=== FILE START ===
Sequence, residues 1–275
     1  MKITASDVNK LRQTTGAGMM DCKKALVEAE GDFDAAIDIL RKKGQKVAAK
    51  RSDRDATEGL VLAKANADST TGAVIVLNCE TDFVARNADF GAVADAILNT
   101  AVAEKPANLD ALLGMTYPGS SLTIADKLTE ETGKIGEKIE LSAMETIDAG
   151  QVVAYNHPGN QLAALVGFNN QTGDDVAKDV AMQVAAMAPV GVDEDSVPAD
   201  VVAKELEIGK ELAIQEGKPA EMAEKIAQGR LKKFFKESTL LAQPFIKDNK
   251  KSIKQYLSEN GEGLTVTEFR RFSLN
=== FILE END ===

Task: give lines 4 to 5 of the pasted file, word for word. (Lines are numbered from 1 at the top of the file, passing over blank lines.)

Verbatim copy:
   101  AVAEKPANLD ALLGMTYPGS SLTIADKLTE ETGKIGEKIE LSAMETIDAG
   151  QVVAYNHPGN QLAALVGFNN QTGDDVAKDV AMQVAAMAPV GVDEDSVPAD